Caught commercially off the outer Washington coast with otter-trawls, longline, and jig handline gear. Rarely caught by recreational harvesters off the outer Washington coast. THE PUGET SOUND AND GEORGIA BASIN POPULATIONS OF BOCACCIO ARE LISTED AS ENDANGERED UNDER THE ENDANGERED SPECIES ACT AND RECREATIONAL RETENTION IN ALL PUGET SOUND WATERS IS PROHIBITED. See: http://www.nmfs.noaa.gov/pr/species/fish/bocaccio.htm
Description: Bocaccio have an elongate body type and are laterally compressed. They have a head that is pointed, a large mouth, and a lower jaw with a knob on the end (symphyseal knob) that greatly protrudes beyond the upper jaw. Underwater, adult color varies from shades of pink to pink- brown, grey or red that extends down over the belly. After capture the colors are brighter, usually reddish brown. Young fish are generally light bronze with speckling over the sides and back. As bocaccio age, their color generally becomes darker and the speckling fades. This is a large rockfish species.
Maximum Size: To 91 cm (36 in) in length, and 6.8 kg (15 lbs) in weight.
Maximum Age: At least 50 years old.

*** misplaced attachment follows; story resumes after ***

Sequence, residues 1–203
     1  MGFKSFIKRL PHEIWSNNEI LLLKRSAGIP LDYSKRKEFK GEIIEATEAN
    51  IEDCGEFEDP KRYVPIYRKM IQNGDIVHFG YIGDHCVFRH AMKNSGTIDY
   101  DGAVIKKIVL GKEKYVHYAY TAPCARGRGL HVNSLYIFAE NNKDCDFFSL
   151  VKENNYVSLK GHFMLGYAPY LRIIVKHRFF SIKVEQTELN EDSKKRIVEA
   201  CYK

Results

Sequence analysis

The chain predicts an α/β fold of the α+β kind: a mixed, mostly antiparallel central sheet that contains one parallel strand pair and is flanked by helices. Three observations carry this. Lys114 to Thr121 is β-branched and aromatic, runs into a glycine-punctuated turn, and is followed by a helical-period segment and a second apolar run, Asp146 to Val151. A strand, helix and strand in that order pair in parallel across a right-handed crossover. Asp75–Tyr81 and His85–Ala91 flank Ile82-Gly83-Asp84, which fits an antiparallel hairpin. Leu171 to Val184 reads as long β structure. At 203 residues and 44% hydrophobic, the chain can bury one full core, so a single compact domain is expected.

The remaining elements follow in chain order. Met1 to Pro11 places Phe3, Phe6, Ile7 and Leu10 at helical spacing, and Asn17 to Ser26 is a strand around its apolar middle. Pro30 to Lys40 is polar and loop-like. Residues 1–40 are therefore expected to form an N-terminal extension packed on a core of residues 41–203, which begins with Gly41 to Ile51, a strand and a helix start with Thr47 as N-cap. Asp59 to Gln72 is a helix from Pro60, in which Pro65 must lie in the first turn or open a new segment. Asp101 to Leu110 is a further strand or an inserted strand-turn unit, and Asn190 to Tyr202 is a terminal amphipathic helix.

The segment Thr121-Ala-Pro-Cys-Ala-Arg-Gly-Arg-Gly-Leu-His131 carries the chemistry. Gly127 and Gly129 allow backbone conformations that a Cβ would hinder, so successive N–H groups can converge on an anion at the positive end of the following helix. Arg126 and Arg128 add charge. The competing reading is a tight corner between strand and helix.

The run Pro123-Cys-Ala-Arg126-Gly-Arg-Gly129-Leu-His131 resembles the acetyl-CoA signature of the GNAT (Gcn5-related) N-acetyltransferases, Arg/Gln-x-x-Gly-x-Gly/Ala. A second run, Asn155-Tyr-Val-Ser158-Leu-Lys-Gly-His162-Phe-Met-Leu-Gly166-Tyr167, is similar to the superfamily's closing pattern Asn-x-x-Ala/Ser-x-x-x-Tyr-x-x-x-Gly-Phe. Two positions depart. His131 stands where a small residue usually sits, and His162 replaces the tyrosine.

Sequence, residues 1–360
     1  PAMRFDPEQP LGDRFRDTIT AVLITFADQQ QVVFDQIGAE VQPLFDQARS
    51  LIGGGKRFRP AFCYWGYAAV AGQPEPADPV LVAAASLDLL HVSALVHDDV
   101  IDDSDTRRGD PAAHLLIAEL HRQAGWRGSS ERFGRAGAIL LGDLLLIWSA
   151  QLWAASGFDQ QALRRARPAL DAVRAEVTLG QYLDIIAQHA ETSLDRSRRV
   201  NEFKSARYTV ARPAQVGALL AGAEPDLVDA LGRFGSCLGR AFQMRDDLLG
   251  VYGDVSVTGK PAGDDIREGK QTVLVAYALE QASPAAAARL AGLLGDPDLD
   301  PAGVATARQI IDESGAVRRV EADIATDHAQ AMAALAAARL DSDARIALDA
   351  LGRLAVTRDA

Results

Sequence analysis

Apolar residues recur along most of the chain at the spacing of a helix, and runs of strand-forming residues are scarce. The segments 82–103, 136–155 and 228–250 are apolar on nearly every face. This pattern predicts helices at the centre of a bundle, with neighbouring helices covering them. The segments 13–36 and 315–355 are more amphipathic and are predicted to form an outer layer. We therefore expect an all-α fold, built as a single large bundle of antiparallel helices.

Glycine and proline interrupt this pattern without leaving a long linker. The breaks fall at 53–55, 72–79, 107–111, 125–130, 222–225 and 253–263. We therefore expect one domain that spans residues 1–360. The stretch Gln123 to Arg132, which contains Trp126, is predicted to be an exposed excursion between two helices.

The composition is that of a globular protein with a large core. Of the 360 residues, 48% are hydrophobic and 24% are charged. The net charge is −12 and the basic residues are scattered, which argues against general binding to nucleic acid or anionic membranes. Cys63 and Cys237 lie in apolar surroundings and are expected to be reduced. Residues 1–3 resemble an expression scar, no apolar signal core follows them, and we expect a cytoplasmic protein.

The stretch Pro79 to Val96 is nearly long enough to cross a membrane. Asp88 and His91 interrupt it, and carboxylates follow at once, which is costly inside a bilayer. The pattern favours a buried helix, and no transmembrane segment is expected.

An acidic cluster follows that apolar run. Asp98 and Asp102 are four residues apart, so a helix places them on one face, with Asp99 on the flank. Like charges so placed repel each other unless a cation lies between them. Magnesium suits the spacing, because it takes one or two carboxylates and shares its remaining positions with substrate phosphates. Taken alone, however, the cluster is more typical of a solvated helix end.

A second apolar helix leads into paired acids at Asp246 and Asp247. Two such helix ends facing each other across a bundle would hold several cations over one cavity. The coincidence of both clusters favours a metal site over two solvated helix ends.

Range/Habitat: Bocaccio are found from Stepovak Bay, Alaska Peninsula, to Punta Blanca, Baja California. This species was once common on steep walls in portions of Puget Sound, now they are very rare. They have been found at water depths ranging from 12 to 478 m (40-1,578 ft), but tend to be most abundant from 50 to 250 m (165-825 ft) in depth.
Fun Fish Fact: Like many rockfish species, the spines of bocaccio can be mildly poisonous and cause unpleasant pain if you are unlucky enough to get poked by one!
- Love, M. S., M. Yoklavich, and L. Thorsteinson, 2002. The rockfishes of the northeast Pacific. University of California Press.
- Miller, D. J., and R.N. Lea, 1976. Guide to the coastal marine fishes of California. ANR Publications.
Photos: V. Okimura and S. Axtell